ZenCash hit with 51% doublespend attack, $600,000 stolen
Another one bites the dust.
The age of 51% attacks is now well and truly in full swing. ZenCash has become the latest victim, succumbing to an attacker who managed to double spend 19,900 ZEN worth almost US$600,000, according to the ZenCash statement on the incident.
The attack took place on 2 June at about 2:45am UTC. The team was first alerted to it by a mining pool operator and quickly took steps to resist the attack by increasing the number of confirmations required for a successful transaction. This might have cut the attack short.
How a 51% attack works
A 51% attack is when an attacker manages to control more than 50% of the hash power in a proof-of-work blockchain. This essentially gives them majority control of the blockchain, allowing for exploits such as double spending. This basically means spending the same funds twice, by selling them then re-organising the blockchain to pull the funds back to one's own wallet. The victim is usually an exchange, or someone else who agreed to purchase the coins before having them disappear from their wallet.
In this case, it was an exchange.
Increasing the number of transactions helps resist attacks by increasing the attacker's required expenditure. A successful attack depends on consistently maintaining control of the network (which is very expensive), so increasing the number of confirmations will slow transactions, but increase the attacker's required expenditure.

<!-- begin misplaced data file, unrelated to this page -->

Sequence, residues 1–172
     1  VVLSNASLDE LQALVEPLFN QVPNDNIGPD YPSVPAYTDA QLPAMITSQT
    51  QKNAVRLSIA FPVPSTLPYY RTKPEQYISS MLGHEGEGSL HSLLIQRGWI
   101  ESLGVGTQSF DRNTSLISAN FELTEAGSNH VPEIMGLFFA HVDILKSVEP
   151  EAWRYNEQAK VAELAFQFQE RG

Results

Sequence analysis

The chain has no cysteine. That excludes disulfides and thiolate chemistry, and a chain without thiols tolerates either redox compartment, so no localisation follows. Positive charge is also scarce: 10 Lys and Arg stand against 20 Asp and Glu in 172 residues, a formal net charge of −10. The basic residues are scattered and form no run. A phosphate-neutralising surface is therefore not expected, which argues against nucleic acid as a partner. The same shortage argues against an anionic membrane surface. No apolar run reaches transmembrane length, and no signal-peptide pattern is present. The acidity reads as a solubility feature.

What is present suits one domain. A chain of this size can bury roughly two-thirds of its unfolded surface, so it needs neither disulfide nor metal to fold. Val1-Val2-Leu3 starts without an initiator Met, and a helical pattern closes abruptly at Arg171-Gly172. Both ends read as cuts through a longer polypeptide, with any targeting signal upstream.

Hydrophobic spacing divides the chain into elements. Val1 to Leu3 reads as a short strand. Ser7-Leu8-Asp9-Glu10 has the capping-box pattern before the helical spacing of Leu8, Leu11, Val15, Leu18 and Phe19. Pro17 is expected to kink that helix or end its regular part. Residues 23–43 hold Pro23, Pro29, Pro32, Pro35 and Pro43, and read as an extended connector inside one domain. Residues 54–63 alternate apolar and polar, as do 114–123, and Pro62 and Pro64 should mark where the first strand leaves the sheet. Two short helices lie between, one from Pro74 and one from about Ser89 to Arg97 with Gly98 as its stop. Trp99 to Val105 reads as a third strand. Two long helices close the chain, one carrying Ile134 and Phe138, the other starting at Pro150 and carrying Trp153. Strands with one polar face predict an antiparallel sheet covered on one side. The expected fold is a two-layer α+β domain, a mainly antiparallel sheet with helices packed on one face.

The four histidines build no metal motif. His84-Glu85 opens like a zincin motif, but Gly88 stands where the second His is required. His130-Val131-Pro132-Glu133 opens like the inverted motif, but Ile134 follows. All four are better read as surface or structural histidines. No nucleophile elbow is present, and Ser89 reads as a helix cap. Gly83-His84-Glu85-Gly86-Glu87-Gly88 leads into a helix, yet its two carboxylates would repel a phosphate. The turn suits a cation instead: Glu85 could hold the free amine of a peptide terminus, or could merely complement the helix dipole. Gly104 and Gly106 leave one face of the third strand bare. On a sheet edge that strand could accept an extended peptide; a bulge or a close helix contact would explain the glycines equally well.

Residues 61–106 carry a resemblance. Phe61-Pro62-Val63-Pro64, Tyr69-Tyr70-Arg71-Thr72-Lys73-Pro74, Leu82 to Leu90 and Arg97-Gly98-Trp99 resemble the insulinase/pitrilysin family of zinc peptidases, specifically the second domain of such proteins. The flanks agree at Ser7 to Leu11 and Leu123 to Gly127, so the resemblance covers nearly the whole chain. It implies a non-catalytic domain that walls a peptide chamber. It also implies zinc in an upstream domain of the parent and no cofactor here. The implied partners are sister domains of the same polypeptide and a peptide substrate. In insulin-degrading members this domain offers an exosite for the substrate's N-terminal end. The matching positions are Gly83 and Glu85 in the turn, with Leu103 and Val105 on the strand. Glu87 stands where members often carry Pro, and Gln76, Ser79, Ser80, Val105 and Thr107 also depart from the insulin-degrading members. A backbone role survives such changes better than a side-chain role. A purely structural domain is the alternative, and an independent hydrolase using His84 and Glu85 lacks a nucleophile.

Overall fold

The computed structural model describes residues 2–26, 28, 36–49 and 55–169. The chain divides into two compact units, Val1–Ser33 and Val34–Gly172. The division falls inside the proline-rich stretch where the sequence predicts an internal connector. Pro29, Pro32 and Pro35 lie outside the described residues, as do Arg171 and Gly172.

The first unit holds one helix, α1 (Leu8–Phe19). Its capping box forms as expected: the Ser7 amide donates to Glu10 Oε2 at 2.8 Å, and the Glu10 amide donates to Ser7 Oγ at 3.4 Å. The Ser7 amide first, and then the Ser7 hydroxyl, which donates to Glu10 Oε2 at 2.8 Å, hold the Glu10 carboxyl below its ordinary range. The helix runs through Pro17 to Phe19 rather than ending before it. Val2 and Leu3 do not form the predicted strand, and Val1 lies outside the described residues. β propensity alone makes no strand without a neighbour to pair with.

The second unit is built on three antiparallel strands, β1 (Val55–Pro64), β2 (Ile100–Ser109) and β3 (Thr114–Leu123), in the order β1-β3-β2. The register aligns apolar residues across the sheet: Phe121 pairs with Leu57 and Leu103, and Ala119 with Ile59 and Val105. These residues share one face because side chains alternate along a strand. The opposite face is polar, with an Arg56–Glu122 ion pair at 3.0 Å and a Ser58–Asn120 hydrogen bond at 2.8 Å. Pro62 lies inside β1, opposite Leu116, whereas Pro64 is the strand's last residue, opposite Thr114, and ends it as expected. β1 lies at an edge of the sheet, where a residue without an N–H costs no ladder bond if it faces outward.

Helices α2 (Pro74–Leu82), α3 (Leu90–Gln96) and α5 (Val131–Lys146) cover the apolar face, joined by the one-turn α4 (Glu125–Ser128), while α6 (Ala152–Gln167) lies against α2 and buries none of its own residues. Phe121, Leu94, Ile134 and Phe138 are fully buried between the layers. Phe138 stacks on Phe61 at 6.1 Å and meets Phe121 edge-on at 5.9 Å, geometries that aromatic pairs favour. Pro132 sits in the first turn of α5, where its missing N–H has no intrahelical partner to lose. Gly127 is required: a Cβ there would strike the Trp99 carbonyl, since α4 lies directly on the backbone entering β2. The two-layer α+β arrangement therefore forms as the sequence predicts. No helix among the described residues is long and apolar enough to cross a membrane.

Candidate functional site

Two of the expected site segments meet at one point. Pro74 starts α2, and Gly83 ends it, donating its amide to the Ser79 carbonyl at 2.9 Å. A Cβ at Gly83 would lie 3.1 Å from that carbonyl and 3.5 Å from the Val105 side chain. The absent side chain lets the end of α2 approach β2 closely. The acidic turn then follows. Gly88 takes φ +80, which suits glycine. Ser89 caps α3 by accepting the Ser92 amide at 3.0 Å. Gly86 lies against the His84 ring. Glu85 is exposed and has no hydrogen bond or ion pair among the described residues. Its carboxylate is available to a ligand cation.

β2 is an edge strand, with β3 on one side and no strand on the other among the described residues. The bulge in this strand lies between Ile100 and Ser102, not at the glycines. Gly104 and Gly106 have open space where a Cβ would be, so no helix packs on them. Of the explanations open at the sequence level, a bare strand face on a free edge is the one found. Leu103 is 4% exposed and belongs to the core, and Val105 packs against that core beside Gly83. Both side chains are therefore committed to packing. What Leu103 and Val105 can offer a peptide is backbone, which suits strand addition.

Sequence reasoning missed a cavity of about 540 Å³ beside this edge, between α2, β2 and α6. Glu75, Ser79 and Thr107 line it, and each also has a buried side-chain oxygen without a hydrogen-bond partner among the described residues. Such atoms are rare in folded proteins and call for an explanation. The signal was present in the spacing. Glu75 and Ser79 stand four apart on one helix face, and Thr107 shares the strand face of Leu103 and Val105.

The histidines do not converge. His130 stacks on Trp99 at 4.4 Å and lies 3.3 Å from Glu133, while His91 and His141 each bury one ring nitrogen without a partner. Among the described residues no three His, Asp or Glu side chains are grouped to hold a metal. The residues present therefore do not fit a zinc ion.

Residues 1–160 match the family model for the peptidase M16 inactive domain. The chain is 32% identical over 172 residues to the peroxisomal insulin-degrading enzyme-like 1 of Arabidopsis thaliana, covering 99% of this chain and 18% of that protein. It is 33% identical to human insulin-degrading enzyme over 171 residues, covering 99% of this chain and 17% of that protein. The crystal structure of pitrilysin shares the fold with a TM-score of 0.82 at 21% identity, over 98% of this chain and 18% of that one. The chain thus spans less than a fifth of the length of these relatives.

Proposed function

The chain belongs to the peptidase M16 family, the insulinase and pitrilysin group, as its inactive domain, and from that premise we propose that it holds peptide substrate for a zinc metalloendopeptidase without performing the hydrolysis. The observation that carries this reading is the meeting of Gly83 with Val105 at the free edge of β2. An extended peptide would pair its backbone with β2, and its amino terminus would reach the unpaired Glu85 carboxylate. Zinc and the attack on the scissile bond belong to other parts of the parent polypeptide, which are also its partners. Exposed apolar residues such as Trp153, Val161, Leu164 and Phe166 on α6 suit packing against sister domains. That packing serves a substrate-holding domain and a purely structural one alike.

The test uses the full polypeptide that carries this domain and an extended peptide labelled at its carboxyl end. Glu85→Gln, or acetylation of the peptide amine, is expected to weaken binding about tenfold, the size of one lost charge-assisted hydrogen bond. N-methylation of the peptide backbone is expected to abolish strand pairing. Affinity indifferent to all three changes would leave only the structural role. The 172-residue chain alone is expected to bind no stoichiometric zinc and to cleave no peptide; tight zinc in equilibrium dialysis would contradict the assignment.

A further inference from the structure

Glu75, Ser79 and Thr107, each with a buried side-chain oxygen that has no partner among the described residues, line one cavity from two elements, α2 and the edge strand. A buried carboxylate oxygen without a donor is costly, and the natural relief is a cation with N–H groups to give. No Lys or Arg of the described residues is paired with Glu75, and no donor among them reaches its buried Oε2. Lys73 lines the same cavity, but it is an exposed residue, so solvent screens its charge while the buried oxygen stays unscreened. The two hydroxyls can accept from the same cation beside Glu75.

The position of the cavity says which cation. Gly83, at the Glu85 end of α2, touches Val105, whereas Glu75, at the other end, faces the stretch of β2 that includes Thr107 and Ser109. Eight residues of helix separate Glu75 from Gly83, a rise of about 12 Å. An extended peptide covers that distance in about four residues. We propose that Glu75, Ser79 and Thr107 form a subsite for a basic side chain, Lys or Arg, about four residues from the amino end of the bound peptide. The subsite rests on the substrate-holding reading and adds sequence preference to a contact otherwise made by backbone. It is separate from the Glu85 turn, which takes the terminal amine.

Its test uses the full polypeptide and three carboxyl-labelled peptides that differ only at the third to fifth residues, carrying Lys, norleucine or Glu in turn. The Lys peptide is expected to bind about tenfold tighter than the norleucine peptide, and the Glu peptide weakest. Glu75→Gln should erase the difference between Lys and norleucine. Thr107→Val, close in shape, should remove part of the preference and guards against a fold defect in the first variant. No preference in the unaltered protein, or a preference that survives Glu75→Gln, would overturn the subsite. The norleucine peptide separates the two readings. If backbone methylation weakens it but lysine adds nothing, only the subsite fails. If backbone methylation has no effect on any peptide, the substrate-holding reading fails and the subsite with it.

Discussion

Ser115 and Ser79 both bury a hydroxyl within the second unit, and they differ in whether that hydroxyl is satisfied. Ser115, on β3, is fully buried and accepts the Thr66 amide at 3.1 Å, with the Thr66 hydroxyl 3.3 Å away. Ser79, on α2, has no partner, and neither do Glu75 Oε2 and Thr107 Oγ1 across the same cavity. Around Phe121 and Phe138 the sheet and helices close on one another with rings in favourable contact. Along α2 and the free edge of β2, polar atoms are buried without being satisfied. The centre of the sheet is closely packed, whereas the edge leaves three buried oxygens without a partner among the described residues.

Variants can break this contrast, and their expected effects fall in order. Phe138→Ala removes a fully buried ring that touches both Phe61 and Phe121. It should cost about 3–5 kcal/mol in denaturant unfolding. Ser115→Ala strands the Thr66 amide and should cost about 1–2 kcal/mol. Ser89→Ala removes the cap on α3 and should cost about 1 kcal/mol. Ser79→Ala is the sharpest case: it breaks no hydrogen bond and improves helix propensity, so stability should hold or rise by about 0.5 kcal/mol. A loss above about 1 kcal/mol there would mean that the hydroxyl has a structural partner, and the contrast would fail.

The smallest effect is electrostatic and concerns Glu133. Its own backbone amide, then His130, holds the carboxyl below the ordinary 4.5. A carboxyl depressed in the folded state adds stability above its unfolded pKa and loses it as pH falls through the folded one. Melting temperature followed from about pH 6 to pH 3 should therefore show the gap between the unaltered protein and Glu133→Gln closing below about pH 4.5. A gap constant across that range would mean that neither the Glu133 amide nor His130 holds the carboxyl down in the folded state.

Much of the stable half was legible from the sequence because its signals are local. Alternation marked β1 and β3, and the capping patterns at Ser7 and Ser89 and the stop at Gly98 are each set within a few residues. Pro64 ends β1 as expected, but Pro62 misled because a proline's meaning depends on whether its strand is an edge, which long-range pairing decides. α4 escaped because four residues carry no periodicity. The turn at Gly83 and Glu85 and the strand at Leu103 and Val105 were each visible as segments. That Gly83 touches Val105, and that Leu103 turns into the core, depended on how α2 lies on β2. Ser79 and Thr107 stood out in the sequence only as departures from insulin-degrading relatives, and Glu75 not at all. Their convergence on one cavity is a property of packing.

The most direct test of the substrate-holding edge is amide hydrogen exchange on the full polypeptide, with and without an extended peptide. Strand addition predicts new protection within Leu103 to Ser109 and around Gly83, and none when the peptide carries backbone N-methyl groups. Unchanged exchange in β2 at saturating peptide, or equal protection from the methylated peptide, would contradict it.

It's not known who was behind this attack, but it could be almost anyone. ZenCash also runs on the Equihash algorithm, just like Bitcoin Gold which was recently struck with a massive $18 million double-spend attack that similarly targeted exchanges, so it might be the same crew using a private supply of Equihash miners to carry out the attack.
ZenCash also made a recent appearance on a list of coins that are highly vulnerable to 51% attacks, which might have made it more of a target.
The ZenCash statement speculates that the attackers used their own Equihash miners, backed up with rented hash power, but they wouldn't necessarily have needed to. At the time of the attack, the ZenCash hash rate was estimated to be 58MH/s, so an attacker would have been able to just rent the power they needed.
Bitcoin Gold (again), Bitcoin Private and ZClassic currently have even less hash power than ZenCash, so they could clearly get hit at any time. Exchanges are probably going to start being very cautious when dealing with large transactions of those coins. Luckily for the attackers, ZenCash prices haven't seemed to respond to the 51% attack in any way.
Vulnerable coins can temporarily stave off future attacks by forking to change the mining algorithm, but this bandaid only lasts a few months and ties up valuable developer time and delaying progress elsewhere.
Disclosure: At the time of writing, the author holds ETH, IOTA, ICX, VEN, XLM, BTC and NANO.